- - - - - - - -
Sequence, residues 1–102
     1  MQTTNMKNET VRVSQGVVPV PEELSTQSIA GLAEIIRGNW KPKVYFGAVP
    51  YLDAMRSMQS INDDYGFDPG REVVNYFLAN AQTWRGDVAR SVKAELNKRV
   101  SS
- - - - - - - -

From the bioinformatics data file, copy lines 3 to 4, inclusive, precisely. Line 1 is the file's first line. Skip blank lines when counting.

    51  YLDAMRSMQS INDDYGFDPG REVVNYFLAN AQTWRGDVAR SVKAELNKRV
   101  SS